McGraw: Oh, no.
Perlroth: Had one of the most horrific health records I’d seen. It was like cockroaches and rats and just people smoking, not washing their hands, not cleaning the toilet. I mean, it was kind of horrendous. But I couldn’t really wrap my head around it, because I’d just been there, and it was really clean…
Perlroth: And it was a good restaurant. So anyways, I called them and I said, “I happened upon your health record, and I really can’t parse this, because I was just at your restaurant. It seemed pretty clean and sanitary to me.” And they said, “Well, thanks for calling. Actually, the health inspector came to our restaurant to do his review, and he ended up getting drunk at the bar and passing out for 2 hours. And we think he just made a bunch of stuff up on our report…”
Perlroth: “…to justify to his supervisor why it took him so long to do the inspection.” So I said, “Oh my God, you’ve got to be kidding me. If only there were proof of this. We should get this guy.” And they said, “Well, actually, we have a camera in the restaurant that caught some of this.”
McGraw: So there was proof.
Perlroth: There was proof. So I go to the New York Post. I’ve no idea what I have. I sort of sheepishly walk into the New York Post, and I say, “You know, I’m really sorry I didn’t get to do this assignment the way that you envisioned it. But I did end up getting this video footage of this health inspector drunk, passed out at this bar, and then failing this restaurant and making up this whole report.” So lo and behold, they couldn’t believe I didn’t really know what I had.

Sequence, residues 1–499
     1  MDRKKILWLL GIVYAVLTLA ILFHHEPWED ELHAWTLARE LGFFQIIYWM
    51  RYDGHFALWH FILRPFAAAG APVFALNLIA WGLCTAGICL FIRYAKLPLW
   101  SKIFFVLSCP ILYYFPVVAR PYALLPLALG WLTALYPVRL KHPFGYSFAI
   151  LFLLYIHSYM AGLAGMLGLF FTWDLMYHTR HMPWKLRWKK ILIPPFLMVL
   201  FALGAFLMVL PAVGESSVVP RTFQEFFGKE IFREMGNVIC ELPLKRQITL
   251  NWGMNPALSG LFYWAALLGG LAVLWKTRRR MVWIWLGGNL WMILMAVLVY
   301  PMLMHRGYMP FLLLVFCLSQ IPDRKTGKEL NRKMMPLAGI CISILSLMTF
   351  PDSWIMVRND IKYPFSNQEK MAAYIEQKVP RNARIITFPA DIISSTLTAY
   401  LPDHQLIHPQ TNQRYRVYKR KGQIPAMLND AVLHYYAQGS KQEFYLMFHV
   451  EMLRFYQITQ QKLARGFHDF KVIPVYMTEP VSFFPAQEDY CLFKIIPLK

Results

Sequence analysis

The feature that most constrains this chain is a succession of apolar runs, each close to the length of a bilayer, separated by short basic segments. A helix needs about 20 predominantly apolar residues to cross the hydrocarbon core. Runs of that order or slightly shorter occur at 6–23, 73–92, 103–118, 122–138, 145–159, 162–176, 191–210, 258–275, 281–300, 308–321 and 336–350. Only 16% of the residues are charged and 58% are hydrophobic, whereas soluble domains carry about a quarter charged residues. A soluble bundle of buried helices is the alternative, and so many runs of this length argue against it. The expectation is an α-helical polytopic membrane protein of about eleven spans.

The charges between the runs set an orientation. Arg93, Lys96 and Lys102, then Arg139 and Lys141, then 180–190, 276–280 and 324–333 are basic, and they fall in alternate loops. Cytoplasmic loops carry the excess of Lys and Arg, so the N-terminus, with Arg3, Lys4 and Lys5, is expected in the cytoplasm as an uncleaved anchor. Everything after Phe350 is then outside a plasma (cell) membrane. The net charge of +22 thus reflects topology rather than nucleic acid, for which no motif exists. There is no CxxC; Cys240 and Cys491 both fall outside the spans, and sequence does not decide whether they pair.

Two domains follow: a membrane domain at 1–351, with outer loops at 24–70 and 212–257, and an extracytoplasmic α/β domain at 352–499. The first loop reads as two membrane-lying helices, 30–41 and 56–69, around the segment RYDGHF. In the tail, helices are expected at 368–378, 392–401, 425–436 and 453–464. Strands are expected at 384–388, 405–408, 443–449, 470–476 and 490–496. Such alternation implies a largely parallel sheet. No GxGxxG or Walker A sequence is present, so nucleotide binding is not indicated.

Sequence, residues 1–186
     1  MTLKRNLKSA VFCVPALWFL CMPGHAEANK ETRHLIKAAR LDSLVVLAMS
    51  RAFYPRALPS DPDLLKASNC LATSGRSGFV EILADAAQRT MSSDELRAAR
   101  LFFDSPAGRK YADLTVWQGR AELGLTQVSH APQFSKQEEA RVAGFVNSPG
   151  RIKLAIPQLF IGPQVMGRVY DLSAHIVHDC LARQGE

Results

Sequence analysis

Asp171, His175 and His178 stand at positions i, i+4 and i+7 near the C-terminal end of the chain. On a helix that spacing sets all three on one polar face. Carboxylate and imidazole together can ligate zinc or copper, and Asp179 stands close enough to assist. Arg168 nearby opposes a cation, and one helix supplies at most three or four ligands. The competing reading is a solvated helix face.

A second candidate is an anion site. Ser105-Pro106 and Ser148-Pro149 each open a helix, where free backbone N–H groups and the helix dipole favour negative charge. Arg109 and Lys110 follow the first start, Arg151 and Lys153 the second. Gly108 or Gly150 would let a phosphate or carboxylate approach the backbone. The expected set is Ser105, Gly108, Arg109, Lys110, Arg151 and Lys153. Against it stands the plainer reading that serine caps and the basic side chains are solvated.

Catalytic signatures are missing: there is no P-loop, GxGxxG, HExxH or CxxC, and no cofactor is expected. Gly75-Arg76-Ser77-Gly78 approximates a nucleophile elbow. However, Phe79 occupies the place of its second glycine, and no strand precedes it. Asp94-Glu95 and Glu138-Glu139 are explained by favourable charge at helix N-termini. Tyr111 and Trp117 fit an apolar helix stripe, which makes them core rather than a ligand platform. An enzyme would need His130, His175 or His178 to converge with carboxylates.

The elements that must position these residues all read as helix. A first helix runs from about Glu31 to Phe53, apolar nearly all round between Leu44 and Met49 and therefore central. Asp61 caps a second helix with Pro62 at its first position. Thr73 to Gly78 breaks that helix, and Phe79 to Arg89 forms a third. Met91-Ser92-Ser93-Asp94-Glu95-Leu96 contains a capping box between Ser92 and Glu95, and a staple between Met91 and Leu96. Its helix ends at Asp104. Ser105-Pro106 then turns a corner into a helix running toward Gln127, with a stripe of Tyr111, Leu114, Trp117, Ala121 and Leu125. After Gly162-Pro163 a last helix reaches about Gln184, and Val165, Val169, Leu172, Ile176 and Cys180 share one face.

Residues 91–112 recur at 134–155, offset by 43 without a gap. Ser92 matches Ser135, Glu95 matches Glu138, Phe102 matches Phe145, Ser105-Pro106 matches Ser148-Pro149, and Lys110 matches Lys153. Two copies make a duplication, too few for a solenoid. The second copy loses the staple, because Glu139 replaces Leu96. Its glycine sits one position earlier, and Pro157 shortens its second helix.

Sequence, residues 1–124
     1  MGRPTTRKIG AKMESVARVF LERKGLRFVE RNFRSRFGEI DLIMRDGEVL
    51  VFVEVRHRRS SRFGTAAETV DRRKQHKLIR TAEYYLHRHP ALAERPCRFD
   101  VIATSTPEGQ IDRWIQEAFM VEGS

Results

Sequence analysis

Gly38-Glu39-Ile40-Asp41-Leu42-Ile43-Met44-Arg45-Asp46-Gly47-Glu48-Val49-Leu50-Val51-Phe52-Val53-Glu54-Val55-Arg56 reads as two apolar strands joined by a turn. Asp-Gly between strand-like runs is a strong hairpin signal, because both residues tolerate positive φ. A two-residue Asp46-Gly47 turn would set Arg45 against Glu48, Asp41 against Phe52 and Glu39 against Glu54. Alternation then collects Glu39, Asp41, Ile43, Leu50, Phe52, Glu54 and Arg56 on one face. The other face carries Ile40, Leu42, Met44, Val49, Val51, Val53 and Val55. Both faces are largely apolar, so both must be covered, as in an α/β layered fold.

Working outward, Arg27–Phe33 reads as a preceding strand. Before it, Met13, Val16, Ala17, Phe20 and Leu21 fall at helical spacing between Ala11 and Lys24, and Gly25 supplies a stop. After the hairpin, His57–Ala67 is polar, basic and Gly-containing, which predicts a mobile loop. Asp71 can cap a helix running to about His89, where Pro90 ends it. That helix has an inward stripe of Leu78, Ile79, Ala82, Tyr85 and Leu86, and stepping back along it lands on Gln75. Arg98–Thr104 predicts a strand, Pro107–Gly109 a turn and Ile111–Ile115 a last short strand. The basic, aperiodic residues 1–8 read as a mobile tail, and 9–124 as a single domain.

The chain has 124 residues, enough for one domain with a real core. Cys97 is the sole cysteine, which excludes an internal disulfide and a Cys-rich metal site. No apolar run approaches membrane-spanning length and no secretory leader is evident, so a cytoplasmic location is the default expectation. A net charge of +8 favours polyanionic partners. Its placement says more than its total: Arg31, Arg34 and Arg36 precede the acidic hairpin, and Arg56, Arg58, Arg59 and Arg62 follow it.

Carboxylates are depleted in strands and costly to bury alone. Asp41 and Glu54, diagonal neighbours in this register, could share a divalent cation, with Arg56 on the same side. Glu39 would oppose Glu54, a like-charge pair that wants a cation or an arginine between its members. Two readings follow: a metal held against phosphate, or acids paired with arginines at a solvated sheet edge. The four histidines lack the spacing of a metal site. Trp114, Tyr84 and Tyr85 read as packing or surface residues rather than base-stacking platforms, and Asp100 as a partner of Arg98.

Perlroth: But it went on the cover of the Sunday’s New York Post with this great headline that said something like “Rat Nap,” “Inspector Snoozeau.” I was 23 at that time, and I went to the corner bodega and bought out every single New York Post there.
Perlroth: Yeah, and I was just hooked. The guy was fired. The Department of Health had to have new rules for their inspections, and there had to be some follow-up with the restaurants. To see the impact of something that started out as just a silly assignment was pretty cool. That was my first article.
McGraw: That’s really interesting. So I was going to ask you what got you into covering information security, but if you start with rats, why not just keep on going?
Perlroth: Exactly, yeah. See, I did not choose information security. I was actually…while I was at Forbes, I was based in Silicon Valley, and I was covering venture capital really in the sort of heat-up ahead of Facebook’s IPO, and I was covering a lot of the investors and some of the private share sales. So I got a couple cover stories in Forbes. And I got this call one day from Damon Darlin, who’s a blog editor of mine at the New York Times, who said, “We’re looking at you for this job. It’s not venture though. I should tell you it’s cyber security.” And I just remember thinking, like…
McGraw: “What the heck?”